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OpinionIsrael at War

Human Rights Watch’s latest hit job

The NGO’s new report is filled with anti-Israel bias.

Palestinians unload medical aid from a truck at the Nasser hospital in Khan Yunis, in the southern Gaza Strip, on Oct. 23, 2023.  Photo by Atia Mohammed/Flash90.
Palestinians unload medical aid from a truck at the Nasser hospital in Khan Yunis, in the southern Gaza Strip, on Oct. 23, 2023. Photo by Atia Mohammed/Flash90.
Rabbi Shlomo Levin. Credit: Courtesy.
Rabbi Shlomo Levin
Rabbi Shlomo Levin is the author of The Human Rights Haggadah.

On Feb. 26, the NGO Human Rights Watch (HRW) released a report widely covered by the media that declared Israel is violating the order of the International Court of Justice (ICJ) to enable the provision of humanitarian aid to Gaza. Unfortunately, as many of us know, HRW has a long history of anti-Israel bias. This report is more of the same.

The primary evidence HRW presents are statistics published by the United Nations Office for the Coordination of Humanitarian Affairs (OCHA) and the U.N. Relief and Works Agency (UNRWA). Before examining the data, we should note the biases of these sources.

The OCHA website is covered with large icons documenting the suffering of Palestinians in Gaza. With regard to Gazans, not only are deaths, injuries and displacement documented, but also problems related to food insecurity, sanitation, health and much more.

The only mention of Israel states that more than 1,000 Israelis were killed by Hamas on Oct. 7. This is noted in almost invisibly small print next to the number of casualties claimed by the Palestinians, which is quite literally around 10 times larger. The fact that hundreds of thousands of Israelis have been forced from their homes by the threat of cross-border attacks and rockets does not even appear next to the statistics on how many Gaza residents have been displaced. Destruction of Israeli agriculture and disruption of other basic services such as education are not mentioned either. They are documented fully on the Palestinian side.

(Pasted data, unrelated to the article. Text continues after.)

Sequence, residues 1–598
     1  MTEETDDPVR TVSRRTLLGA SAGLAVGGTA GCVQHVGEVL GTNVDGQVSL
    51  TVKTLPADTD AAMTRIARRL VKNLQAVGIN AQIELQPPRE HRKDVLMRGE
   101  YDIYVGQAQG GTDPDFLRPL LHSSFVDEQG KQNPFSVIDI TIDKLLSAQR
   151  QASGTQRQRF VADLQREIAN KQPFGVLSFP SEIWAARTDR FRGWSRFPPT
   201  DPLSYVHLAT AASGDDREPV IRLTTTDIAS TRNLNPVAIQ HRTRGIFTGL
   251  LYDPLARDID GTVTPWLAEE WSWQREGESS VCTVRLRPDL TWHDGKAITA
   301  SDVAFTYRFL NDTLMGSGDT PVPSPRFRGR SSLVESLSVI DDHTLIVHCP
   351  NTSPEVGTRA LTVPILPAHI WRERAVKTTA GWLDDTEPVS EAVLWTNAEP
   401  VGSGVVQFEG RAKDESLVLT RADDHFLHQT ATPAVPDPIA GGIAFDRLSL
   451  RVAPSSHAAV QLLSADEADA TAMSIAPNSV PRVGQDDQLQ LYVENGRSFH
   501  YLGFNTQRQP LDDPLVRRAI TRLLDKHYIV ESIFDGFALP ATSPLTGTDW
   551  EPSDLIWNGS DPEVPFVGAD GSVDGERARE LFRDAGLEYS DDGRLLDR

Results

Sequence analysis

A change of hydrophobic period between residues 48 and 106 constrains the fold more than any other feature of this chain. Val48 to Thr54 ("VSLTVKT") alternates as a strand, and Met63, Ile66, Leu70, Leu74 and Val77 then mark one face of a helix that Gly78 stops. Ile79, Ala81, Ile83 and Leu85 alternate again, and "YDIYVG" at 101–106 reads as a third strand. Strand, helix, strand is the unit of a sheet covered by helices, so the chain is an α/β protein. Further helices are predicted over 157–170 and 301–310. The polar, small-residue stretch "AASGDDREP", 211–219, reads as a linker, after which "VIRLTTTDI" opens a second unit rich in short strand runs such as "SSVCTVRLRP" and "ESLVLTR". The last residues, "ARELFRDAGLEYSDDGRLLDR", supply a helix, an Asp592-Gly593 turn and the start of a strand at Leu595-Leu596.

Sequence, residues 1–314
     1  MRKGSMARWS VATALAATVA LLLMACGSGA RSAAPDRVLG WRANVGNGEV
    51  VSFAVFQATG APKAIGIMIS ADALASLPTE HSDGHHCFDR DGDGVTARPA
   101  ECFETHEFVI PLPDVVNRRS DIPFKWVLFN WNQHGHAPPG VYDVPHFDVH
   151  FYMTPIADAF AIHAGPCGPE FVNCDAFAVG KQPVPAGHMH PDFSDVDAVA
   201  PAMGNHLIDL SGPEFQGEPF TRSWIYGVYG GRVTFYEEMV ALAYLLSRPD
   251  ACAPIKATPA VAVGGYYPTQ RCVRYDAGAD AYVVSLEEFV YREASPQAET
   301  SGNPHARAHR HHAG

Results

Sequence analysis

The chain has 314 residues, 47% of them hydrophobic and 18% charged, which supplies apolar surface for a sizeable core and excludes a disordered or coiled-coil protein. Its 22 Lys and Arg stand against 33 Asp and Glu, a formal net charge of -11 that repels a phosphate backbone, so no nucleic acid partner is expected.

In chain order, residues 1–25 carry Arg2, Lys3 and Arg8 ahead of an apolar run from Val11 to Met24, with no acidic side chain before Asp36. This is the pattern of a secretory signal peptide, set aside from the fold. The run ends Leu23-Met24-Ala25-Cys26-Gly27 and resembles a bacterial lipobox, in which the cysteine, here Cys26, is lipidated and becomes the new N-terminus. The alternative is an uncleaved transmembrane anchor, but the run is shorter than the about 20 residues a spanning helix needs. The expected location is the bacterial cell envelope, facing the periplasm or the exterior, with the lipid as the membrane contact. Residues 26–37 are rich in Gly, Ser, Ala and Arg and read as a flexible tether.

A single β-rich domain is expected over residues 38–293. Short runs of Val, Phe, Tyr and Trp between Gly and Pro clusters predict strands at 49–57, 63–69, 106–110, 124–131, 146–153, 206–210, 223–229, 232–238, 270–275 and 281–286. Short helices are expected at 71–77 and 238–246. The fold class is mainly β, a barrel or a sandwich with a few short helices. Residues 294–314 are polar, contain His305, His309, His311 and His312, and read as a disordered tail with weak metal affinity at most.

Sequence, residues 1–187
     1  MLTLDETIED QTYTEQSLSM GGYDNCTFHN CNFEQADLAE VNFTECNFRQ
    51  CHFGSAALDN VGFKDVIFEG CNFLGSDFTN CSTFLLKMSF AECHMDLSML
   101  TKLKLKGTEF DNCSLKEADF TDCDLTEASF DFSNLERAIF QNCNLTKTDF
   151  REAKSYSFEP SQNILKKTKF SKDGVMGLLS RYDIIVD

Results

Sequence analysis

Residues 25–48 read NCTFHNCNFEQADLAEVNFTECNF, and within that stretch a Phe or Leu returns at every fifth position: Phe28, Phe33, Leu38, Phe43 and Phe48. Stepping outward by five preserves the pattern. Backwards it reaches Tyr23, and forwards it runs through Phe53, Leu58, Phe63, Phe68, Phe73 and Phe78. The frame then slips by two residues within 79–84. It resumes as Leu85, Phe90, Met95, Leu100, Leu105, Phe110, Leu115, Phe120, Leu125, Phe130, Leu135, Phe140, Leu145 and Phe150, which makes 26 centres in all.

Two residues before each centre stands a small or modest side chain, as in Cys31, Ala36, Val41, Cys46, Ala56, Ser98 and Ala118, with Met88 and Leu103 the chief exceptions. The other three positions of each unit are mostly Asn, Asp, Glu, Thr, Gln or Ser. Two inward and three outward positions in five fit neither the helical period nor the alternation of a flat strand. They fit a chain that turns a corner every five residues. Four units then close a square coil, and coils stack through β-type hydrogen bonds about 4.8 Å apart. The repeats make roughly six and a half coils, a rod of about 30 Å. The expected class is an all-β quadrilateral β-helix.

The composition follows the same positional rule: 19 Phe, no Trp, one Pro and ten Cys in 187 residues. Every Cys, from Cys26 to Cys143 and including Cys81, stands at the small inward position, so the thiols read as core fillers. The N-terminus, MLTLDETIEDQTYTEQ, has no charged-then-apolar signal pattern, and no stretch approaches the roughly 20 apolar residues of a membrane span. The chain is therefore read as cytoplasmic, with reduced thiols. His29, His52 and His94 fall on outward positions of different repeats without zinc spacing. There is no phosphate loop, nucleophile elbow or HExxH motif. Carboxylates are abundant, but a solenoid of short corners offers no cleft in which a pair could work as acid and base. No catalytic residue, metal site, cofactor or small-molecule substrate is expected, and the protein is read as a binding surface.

The anti-Israel bias—and much worse—of the Palestinian refugee agency UNRWA is well known, particularly in light of evidence Israel has presented that UNRWA employees actively participated in the Oct. 7 massacre and collaborated with Hamas in almost all of its terrorist activities.

Even if we accept these sources, the key OCHA statistic upon which HRW bases its claims states that the average number of aid trucks entering Gaza fell in the weeks following the ICJ ruling from an average of 147 per day to 93. However, HRW provides absolutely no evidence that this is Israel’s fault.

Likely recognizing this deficiency, HRW goes on to quote a survey of NGO representatives conducted by the Association of International Development Agencies. The survey concludes that lack of transparency regarding how aid trucks can enter Gaza, delays and denials at Israeli crossings and inspection points, and concerns about the safety of trucks are the primary obstacles to bringing in aid.

None of that is evidence of any Israeli wrongdoing. Aid operations require the cooperation of numerous actors and a lack of transparency can be attributed to any one of them. There are also many reasons why Israel might legitimately delay or deny shipments, such as attempts to transport contraband. Moreover, threats to safety may well be the fault of Hamas.